As Rachel noted on last night’s show, the new Vanity Fair piece from Gabe Sherman on Donald Trump’s White House paints a rather unsettling picture of behind-the-scenes tumult in the West Wing. The president for example, reportedly vented to his longtime security chief, Keith Schiller, “I hate everyone in the White House! There are a few exceptions, but I hate them!”
The same piece described Chief of Staff John Kelly as “miserable,” and West Wing officials describing Trump has “unstable,” “losing a step,” and “unraveling.”
But the part of the article that really stood out for me was this:
Even before [Sen. Bob Corker’s] remarks, some West Wing advisers were worried that Trump’s behavior could cause the Cabinet to take extraordinary Constitutional measures to remove him from office. Several months ago, according to two sources with knowledge of the conversation, former chief strategist Steve Bannon told Trump that the risk to his presidency wasn’t impeachment, but the 25th Amendment – the provision by which a majority of the Cabinet can vote to remove the president.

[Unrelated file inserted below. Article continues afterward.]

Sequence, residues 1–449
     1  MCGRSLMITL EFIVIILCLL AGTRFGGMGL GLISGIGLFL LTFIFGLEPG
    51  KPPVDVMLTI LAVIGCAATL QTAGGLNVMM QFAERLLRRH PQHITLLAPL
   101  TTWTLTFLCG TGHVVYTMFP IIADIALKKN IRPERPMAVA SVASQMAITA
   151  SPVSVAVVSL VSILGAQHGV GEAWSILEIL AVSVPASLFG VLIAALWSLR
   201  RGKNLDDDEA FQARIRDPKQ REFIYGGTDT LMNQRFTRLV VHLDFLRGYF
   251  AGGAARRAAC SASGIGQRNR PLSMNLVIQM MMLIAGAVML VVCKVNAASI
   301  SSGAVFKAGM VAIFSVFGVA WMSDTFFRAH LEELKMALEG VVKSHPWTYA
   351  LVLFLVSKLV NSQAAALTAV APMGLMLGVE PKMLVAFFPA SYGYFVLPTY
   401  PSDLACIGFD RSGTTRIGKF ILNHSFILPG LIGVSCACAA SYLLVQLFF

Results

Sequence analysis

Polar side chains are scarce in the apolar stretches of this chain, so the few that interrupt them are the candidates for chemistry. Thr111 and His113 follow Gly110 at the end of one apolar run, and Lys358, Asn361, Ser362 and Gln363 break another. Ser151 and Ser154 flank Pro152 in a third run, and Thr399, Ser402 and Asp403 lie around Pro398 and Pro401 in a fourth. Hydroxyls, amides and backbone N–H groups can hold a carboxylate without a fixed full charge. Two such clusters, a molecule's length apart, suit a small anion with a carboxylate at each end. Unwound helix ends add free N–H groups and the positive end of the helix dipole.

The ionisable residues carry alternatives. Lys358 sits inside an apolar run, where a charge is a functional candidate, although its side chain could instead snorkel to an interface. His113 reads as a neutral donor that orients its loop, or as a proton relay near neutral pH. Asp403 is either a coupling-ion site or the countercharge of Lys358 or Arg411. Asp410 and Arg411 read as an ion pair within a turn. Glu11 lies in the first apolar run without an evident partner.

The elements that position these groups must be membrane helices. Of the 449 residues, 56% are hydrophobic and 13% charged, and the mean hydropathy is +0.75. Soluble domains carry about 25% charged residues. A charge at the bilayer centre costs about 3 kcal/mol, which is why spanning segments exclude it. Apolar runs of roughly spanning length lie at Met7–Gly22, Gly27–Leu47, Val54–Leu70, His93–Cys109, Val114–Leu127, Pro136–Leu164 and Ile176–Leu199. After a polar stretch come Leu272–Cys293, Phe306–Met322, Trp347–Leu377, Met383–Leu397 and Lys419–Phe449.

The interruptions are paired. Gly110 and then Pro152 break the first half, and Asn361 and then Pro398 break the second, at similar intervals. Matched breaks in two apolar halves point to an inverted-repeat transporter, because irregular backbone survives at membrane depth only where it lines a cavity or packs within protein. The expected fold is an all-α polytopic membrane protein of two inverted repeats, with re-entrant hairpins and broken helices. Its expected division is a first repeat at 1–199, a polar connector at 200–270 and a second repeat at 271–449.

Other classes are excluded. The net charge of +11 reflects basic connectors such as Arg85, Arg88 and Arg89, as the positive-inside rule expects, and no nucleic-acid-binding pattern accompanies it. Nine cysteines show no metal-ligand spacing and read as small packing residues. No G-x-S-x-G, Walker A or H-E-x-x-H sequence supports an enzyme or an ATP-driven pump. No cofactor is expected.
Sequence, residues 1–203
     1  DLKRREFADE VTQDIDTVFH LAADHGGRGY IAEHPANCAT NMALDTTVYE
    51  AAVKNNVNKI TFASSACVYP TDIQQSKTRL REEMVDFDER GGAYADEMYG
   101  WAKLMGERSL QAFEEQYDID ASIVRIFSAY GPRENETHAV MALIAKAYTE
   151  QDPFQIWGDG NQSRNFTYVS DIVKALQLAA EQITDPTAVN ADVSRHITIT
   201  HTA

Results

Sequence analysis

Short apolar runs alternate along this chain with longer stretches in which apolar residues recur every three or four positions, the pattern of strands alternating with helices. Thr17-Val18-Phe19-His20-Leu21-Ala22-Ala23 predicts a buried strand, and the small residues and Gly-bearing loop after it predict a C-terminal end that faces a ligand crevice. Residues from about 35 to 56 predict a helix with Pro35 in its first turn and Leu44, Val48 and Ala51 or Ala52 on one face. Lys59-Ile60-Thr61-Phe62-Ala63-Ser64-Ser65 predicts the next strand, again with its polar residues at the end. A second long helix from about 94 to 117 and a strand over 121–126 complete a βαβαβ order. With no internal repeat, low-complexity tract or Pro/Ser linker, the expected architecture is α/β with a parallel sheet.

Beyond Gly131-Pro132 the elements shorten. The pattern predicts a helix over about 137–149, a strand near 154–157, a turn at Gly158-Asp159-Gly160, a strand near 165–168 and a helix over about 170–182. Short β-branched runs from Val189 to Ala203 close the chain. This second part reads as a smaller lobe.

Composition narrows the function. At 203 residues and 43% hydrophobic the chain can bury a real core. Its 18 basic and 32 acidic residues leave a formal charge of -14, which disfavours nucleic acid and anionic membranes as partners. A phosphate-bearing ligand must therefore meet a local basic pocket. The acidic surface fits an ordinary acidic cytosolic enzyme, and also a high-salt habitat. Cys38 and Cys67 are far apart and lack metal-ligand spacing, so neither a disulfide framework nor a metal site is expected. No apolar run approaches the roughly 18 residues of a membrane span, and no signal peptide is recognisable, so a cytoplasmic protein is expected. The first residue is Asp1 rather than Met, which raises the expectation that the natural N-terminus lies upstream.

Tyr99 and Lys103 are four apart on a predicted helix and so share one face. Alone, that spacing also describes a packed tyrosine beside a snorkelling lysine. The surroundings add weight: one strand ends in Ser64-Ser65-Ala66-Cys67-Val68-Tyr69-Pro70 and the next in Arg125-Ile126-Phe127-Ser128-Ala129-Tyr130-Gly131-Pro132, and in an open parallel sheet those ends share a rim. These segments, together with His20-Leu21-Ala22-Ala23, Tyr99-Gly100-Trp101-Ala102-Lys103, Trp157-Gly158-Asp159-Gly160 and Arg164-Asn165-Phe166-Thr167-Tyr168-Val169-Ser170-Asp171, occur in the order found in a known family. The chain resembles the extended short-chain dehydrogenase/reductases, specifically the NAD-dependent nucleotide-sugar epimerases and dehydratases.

When Bannon mentioned the 25th Amendment, Trump said, “What’s that?”
Back in mid-November 2016, about a week after Election Day, The Atlantic’s David Frum joked, “Twenty-Fifth Amendment to the Constitution. Article 4. We’re all going to be talking a lot more about it in the months ahead.”
In hindsight, I think David was onto something.
If you’re unfamiliar with the 25th Amendment and its relevance to Trump’s troubled presidency, I had a piece on the relevant constitutional language back in February. I should emphasize, however, that the 25th Amendment almost certainly wasn’t designed for circumstances like these, and those concerned about the president’s apparent misdeeds and abuses should probably focus their attention on impeachment, not the 25th.
That said, the fact that Trump reportedly doesn’t know what the amendment is or why it might matter suggests it’s time for a refresher course for the president that swore to preserve, protect, and defend the Constitution.